This Access tutorial explains how to compare difference between two tables in MS Access Query
Compare difference between two tables in MS Access Query
Access does not have a built-in Function to compare difference, but since we can write SQL and design Query in Access, we can make use of the properties of SQL JOIN to compare difference.
There are three kinds of JOIN in SQL – Inner Join, Left Join, Right Join.
Assume that you have two tables, table1 and table2, where you join them using a key Field “Employee ID”.
Return rows that have the common Employee ID in both tables
Left Join (Left Outer Join)
Return all rows in table1, plus fields in table2 where the Employee ID are matched (same as Excel vlookup, using table1 as a base, and then vlookup the employee ID in table2 for the required field)
In Excel, if table1 fails to vlookup key from table2, #N/A is returned. In Access, those #N/A data are known as Null value.
The whole point of Left Join is to find out those fields containing Null value, then we know what keys are present in table1 but not present in table2.
Right Join (Right Outer Join)
Same as Left Join, except that table1 becomes table2, table2 becomes table1. (using table2 as a base, and then vlookup the employee ID in table1 for the required field)
Excel Vlookup vs Access Query, which one is better for data comparison?
If your job requires to compare difference frequently, think about Access.
|Factors considered in data comparison
|Performance dealing with mass data
|Performance dealing with mass formula
|Handling multiple keys for matching
|Time required to build comparison Query/Formula
|Accuracy of handling Null data
|Look for mistakes made in Query/Formula
|Re-usability of comparison template
Example – compare difference between two tables
Assume that we have 2 staff lists, one is 2013 and the other is 2014. During the year, some employees have transferred to another department. Now we want to compare difference between these two tables.
Create a query in Query Design.
Add the two tables that we need to compare
To fully compare the queries, we need to make 3 comparisons. (In Excel, we vlookup in both sides to find out the variance)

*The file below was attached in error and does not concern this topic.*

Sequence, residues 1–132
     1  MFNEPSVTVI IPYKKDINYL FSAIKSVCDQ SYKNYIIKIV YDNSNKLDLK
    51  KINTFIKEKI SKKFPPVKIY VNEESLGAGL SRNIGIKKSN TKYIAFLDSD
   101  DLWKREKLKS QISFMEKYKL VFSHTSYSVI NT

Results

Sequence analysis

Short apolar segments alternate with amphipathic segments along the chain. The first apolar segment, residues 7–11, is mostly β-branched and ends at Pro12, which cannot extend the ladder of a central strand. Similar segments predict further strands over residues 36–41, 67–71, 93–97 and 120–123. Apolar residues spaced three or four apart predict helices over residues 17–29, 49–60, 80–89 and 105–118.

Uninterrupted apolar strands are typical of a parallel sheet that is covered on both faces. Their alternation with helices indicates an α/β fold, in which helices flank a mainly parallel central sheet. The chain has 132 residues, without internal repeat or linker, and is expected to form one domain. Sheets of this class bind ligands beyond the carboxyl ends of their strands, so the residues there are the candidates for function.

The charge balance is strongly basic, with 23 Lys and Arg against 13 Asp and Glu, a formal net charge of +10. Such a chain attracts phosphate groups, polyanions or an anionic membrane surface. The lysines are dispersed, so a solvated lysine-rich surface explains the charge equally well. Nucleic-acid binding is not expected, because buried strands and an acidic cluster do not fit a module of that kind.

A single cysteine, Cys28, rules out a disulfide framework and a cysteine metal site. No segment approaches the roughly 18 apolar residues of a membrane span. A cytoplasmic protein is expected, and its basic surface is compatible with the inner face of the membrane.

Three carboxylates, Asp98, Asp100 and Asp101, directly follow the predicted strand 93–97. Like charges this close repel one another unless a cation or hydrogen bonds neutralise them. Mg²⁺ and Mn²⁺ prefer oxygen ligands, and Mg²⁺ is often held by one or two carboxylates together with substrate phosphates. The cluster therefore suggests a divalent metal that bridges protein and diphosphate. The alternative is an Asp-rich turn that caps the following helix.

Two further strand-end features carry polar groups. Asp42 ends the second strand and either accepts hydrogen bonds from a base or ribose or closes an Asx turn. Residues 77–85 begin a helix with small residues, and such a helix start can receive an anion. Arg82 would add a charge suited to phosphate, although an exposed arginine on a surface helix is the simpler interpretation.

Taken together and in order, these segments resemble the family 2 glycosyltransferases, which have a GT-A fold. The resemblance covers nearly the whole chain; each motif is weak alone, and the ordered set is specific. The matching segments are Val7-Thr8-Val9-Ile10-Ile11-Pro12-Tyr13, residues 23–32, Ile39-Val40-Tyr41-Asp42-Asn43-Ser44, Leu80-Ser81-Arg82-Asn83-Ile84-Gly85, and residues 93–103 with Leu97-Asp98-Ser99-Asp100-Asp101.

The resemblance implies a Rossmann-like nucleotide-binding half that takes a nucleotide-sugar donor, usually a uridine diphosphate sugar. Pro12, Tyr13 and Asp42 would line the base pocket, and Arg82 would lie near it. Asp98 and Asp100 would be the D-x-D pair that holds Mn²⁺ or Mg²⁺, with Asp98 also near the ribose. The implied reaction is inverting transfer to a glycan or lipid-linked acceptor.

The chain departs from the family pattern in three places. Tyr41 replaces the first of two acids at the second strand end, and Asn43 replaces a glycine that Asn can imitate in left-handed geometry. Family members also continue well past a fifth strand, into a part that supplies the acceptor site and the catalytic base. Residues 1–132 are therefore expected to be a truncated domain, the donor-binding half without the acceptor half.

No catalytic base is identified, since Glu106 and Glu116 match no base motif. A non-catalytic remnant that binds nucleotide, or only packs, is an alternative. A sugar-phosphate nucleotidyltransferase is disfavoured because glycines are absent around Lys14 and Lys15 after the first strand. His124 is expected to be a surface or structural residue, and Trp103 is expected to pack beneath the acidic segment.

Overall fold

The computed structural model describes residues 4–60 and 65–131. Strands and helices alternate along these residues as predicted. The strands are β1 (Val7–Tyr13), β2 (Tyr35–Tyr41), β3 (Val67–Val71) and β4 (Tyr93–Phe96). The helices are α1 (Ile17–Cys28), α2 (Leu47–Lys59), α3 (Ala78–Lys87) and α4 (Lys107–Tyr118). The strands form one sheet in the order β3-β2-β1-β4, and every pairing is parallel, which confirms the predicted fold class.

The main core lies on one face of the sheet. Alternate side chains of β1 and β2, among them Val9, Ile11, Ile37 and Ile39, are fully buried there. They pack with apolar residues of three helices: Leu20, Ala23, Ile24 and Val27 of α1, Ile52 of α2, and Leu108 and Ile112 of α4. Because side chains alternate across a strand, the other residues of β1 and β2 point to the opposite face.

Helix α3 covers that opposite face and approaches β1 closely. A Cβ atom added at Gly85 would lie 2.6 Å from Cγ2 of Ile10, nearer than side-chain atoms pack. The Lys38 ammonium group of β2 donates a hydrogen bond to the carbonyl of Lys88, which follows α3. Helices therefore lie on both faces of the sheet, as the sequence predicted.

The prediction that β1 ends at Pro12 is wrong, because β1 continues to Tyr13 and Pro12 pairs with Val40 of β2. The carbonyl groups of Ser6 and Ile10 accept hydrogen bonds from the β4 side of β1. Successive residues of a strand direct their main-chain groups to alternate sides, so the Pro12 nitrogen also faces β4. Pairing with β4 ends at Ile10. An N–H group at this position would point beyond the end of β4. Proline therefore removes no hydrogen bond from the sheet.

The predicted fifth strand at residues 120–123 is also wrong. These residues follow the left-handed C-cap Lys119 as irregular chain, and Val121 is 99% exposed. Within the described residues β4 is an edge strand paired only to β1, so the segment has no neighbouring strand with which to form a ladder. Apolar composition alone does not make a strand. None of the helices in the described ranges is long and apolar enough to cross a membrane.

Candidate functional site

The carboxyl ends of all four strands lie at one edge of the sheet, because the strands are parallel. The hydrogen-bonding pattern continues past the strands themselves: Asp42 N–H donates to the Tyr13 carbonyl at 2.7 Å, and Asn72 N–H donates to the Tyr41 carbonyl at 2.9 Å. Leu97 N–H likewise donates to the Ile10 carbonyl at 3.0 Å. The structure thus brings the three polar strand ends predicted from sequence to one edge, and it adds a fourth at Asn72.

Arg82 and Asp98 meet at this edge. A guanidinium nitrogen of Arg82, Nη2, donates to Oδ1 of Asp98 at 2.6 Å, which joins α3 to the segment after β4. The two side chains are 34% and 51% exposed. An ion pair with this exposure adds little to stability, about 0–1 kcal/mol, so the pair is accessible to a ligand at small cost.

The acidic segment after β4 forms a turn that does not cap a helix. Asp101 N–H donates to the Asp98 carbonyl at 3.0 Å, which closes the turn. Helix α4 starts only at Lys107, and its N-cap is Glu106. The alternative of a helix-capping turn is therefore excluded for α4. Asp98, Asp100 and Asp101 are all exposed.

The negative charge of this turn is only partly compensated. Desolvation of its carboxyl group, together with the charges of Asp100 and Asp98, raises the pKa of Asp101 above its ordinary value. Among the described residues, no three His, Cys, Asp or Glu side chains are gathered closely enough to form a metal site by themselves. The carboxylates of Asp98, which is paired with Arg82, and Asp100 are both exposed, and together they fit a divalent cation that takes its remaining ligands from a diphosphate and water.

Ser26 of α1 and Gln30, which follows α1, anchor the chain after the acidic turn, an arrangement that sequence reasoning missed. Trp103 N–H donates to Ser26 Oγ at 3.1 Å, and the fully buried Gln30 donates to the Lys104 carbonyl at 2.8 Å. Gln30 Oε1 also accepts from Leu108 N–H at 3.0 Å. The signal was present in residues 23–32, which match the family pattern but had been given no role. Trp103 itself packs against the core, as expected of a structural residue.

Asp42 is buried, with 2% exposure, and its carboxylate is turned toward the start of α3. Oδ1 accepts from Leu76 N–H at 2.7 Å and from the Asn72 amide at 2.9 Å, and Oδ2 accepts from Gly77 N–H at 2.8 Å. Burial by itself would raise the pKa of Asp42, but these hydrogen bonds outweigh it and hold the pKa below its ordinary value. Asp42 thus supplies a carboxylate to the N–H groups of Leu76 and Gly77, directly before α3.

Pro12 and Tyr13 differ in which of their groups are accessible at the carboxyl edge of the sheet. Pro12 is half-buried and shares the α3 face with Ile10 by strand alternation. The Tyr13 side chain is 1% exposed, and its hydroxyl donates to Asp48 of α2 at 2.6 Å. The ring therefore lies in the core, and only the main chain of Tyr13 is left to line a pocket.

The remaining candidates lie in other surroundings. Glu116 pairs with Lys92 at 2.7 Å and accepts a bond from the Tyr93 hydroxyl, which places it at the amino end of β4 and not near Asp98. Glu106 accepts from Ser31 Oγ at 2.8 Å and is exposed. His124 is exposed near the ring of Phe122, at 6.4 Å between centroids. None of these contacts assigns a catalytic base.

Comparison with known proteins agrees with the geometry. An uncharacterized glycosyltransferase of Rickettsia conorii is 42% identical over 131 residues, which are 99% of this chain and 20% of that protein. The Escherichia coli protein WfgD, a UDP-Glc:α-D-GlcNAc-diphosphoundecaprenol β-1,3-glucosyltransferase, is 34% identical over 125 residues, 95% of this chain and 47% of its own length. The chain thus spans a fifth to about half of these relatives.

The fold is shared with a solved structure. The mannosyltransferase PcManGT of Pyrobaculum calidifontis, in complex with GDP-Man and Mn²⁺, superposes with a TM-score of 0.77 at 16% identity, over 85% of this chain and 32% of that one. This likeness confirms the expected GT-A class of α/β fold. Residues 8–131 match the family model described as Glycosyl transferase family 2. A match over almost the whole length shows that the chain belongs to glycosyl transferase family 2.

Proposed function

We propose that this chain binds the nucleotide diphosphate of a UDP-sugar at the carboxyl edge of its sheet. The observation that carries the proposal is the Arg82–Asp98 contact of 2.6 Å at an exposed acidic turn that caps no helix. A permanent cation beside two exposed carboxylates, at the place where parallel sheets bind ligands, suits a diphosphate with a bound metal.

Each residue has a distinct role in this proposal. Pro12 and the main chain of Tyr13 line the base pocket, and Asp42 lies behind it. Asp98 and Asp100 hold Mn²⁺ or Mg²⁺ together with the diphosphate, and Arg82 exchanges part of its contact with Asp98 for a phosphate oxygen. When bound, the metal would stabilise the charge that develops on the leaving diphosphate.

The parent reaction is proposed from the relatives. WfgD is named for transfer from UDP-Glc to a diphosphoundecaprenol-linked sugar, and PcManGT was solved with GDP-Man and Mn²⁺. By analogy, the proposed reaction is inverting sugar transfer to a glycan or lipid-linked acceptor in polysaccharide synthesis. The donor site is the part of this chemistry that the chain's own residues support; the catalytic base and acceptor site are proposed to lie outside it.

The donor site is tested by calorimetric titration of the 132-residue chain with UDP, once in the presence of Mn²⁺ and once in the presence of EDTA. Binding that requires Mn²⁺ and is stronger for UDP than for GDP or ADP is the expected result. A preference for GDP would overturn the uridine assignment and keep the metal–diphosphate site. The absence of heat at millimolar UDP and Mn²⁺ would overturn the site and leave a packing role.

1) Which records are completely the same
2) Which records exist in 2013 but not 2014
3) Which records exist in 2014 but not 2013
Records that are completely the same
In the Query Design, create an Inner Join (a straight line across two fields) for the key fields (say, Empl ID and Name) and fields you need to compare (Department). To create a join, simply drag from 2013 field over 2014 field.
The result will show records where 3 fields are exactly identical.
Records exist in 2013 but not 2014
Based on the last Query, double click on the first line between two tables.
Select the second option to create Left Join.
Repeat the above steps for the other two lines. Now the lines turn into arrows pointing from left to right, indicating it is a Left Join.
Click Run to see the result.
All 2013 data are present in the result, and we try to lookup the data from 2013 to see whether we can find the Empl ID+Name+Department key in 2014.
In Vlookup concept, those blank values are #N/A value (known as Null value in SQL)
Add criteria Is Null for 2014 Empl ID
Press Run, the result shows data containing Null 2014 Empl ID, that is the difference you are looking for.
Records exist in 2014 but not 2013
Repeat the steps in Left Join, except that we select the third option in Join Property.
This time the arrows point to the left, and then add criteria Is Null for 2013 Empl ID
Press Run to see result.